METAL PROPERTIES, CHAR, USES, AND CODES - OD1643 - LESSON 1/TASK 2
(3) Wrought Iron. The appearance of wrought iron is the same as
that of rolled low-carbon steel discussed in paragraph 3b(4)(b),
(4) Low-Carbon Steel. The appearance of low-carbon steel depends
upon its method of preparation rather than on its composition.
(a) Cast Steel.
surface, except where machined.
(b) Rolled Steel.
Rolled steel has fine surface lines running
in one direction.
(c) Forged Steel. Forged steel is usually recognizable by its
shape, hammer marks or fins.
(5) High-carbon Steel. High-carbon steel may be identified by its
unfinished surface, which is dark gray.
These steels can be worked
to a smoother finish than the less costly low-carbon steels.
(6) Cast Steel. The surface of cast steel is brighter than cast
(7) Steel Forgings. Steel forgings have a smooth surface. If the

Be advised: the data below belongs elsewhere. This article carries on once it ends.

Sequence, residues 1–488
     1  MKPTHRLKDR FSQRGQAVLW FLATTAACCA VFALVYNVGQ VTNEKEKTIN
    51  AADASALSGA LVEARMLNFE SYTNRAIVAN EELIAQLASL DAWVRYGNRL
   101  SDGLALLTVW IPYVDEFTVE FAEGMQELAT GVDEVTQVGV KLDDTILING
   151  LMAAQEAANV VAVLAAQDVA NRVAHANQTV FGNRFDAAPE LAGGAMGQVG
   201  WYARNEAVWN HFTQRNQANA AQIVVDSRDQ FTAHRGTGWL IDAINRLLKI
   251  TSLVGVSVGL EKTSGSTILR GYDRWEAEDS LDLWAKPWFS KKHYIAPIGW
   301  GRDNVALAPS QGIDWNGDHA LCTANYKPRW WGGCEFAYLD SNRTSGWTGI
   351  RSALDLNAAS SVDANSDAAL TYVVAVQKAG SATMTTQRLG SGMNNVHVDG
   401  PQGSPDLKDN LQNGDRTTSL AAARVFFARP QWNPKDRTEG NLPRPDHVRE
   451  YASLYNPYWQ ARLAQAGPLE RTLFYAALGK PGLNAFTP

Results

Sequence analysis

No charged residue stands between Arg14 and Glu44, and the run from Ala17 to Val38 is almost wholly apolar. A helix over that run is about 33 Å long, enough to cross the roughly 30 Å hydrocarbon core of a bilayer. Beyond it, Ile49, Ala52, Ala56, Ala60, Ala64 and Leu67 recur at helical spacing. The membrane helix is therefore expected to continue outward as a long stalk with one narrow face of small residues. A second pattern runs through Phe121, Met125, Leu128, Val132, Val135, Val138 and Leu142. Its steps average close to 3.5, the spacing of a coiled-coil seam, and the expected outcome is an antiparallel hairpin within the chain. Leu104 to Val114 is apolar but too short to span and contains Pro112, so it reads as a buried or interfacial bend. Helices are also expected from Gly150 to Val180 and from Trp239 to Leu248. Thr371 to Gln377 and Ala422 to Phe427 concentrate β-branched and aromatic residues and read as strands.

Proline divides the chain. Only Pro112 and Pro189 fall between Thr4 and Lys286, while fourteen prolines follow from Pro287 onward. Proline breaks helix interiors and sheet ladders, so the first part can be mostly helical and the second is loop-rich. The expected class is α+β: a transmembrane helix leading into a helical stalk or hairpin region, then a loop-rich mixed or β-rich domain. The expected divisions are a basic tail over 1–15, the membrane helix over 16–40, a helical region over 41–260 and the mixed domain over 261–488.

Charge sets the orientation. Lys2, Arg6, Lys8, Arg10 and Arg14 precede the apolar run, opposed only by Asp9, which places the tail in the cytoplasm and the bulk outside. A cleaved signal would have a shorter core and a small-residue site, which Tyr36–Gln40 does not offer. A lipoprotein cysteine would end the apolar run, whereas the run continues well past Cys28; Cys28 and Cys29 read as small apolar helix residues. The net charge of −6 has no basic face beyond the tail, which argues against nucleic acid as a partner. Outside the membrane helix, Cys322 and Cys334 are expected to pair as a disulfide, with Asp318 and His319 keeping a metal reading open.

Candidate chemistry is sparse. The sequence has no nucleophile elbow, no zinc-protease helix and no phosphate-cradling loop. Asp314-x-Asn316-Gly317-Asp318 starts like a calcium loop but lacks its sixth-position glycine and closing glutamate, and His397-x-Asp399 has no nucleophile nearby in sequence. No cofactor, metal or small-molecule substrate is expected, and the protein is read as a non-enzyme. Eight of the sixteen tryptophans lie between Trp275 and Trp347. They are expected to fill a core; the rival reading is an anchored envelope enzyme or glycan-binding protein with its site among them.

forgings have not been finished fins, caused by metal squeezing out
between the forging dies, will be evident.
If it is a finished
forging, the area from which the fins have been removed will be
Unless these forgings have been properly cleaned, they
will be covered with a reddish-brown or black scale.
(8) Distinguishing Between Steel and Aluminum or Lead.
distinguished from aluminum or lead by the application of a copper
This solution is spread on the surface of the
metal with a small brush or with the end of a clean cotton rag. The
copper sulfate does not react with aluminum or lead, but it leaves a
copper coating on the surface of steel.
Appearance of Nonferrous Metals.
(1) Aluminum. Aluminum is identified by its light gray to silver color
and light weight. When polished it is very bright, becoming dull when it
is oxidized. Rolled and sheet aluminum materials are usually pure metal.
Castings are alloy of aluminum with other metal, usually zinc, copper,